I am writing to you all post-move (and from a happy, spacious place), but before I take you there in words I’d like to share a little something from the final week of chaos at the Shoebox. Dog has a bit of a leg-licking issue and despite all efforts with the cone of shame, he has not relented. On arriving home from work one night last week and before having a chance to shut the door behind me, I had a bag full of doggie meds thrust in my face and was told, almost proudly, ‘Dog is booked in to see a psychologist’. I looked at Dog and looked at The Italian, and wondered how things had come to this.
After my ‘what the hells’ and ‘whys’, I was told that ‘Dog is stressed by the move’ and, given he had taken to gnawing at his leg like it was an Olympic sport, had been ordered to begin taking anti-anxiety pills and Valium, as well as to wear a pheromone collar that would simulate ‘warm, fuzzy hugs’. Exact words from the wild-haired man standing in front of me with dog quietly ambling behind him. Apart from Dog’s obvious issues, he apparently also needed to see the psychologist in order to ascertain whether stronger meds were needed. ‘I will pay the ridiculous amount just for the pleasure of experiencing a dog psychology appointment,’ The Italian said giddily.
And so I stood there, one shoe barely off and trying to suppress my giggles, as The Italian and pheromonated Dog strode off from whence they came. A little later in the cucina, I imagined what a dog therapy session might look like as I weighed up what to do with that other half head of cauliflower and random fridge items to be used up before abandoning the Shoebox. Would Dog lie on a doggy bed or couch and whimper out his feelings? Would patting be allowed and doggie treats used to coerce responses for further analysis? Would the psychologist stare creepily into Dog’s eyes, searching for the contents of his soul?
The appointment is yet to take place, but I have a strong sense that it won’t be Dog being psychologised, not with the way I’ve seen The Italian lovingly share his pizza with Dog (which he doesn’t even share with me) or the way he wipes Dog’s face with a napkin after every evening meal. Poor Dog.
This lovely dish of comfort I concocted as a means of having warm, wintery vegetables in a baked situation, minus the greasiness that usually accompanies. And also because I used up many of the oddities in the fridge. Enjoy as a main with a herb and radish salad on the side, or as the filling for a bocadillo (an awesome Spanish roll, usually filled with tortilla).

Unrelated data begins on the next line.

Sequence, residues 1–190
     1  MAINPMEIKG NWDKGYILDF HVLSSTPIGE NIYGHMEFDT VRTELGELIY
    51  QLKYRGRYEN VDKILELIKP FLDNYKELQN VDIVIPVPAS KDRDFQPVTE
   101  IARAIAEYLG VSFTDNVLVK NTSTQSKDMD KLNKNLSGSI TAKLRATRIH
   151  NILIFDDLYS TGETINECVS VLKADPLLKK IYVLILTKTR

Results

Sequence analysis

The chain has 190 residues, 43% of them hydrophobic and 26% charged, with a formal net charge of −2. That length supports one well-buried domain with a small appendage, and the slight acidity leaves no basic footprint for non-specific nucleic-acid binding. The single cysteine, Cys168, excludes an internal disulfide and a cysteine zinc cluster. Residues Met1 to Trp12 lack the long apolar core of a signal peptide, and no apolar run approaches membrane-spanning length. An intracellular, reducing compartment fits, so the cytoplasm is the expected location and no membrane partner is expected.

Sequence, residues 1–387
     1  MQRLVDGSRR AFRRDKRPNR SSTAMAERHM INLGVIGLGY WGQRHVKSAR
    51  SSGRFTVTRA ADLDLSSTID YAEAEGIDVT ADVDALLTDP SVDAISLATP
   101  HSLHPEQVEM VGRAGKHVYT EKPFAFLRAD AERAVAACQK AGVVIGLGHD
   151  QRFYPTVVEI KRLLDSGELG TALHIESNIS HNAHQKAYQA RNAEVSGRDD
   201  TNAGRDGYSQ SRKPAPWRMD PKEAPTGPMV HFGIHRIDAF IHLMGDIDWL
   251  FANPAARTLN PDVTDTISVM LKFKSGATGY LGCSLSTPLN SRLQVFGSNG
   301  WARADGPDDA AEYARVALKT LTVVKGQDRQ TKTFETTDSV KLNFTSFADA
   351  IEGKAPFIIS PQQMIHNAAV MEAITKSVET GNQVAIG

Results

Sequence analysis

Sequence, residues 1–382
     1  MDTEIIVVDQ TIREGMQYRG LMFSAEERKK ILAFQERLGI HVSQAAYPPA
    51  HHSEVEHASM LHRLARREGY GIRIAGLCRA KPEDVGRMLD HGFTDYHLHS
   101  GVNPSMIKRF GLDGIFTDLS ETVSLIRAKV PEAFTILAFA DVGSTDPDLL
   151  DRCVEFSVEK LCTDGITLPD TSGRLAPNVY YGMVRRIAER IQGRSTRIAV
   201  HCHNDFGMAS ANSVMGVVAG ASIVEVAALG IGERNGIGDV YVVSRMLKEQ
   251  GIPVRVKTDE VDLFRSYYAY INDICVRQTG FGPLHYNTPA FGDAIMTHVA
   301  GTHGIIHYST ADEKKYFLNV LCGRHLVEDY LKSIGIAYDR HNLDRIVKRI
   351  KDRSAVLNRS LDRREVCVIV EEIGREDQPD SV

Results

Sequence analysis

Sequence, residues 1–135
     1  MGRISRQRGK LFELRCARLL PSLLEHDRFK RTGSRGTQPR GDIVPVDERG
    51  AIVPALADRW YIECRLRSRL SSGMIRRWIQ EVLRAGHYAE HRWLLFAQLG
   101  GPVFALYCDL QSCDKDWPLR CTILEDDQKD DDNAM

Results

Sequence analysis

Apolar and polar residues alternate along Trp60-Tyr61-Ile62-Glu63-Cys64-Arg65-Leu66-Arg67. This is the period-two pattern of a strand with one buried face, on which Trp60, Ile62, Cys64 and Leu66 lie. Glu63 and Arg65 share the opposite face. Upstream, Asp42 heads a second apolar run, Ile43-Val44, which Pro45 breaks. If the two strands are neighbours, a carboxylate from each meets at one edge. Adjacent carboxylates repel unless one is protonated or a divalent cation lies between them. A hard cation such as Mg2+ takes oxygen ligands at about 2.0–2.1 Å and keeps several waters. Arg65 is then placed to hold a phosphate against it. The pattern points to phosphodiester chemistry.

1 medium head broccoli, cut into 3 cm florets
½ head cauliflower, cut into 3 cm florets
extra virgin olive oil
½ red onion, chopped
1 teaspoon fresh or dried rosemary
1 teaspoon fresh or dried oregano
1 cup self-raising flour
½ teaspoon turmeric
100 g freshly grated Grana Padano or Parmesan
50 g Gorgonzola, blue cheese or vintage cheddar
1/3 cup slivered almonds, roasted
melted butter, for greasing
1 tablespoon sesame seeds
1 tablespoon black sesame seeds (optional)
Preheat your oven to 180°C. Grease and line a 23 cm cake tin with baking paper.
Place the cauliflower in a large pot of water and simmer over a medium heat. After 8 minutes, add the broccoli, then cook for another 7 or so minutes, or until the cauliflower and broccoli are tender. If one vegetable is cooked before the other, remove these pieces with a slotted spoon. Drain the vegetables in a colander and set aside.
Add about 2 tablespoons of oil to a small pan and cook the onion, oregano and rosemary over a low heat, for about 10 minutes or until the onion is soft.
In the meantime, whisk the eggs well in a large bowl and then add the flour, turmeric, *almonds and grated cheese. Add the slightly cooled onion and crumble in small chunks of Gorgonzola with your fingertips. Season the mixture well and stir to combine the ingredients. It should be nice and sloppy and creamy-looking.
You are just about ready to add the mixture to the tin, but before you do, brush the baking paper with melted butter and sprinkle half of the seeds around the sides of the tin. Pour in the mixture and shake to even out, then top with the remaining seeds. Bake for about 35-45 minutes, or until the bake is golden and set. Allow the rustic masterpiece to cool slightly before serving. Enjoy!
* This is purely up to you, but I like to roast the almonds for about 10 minutes on 150°C for a bit of extra flavour. You can do this while cooking the onions.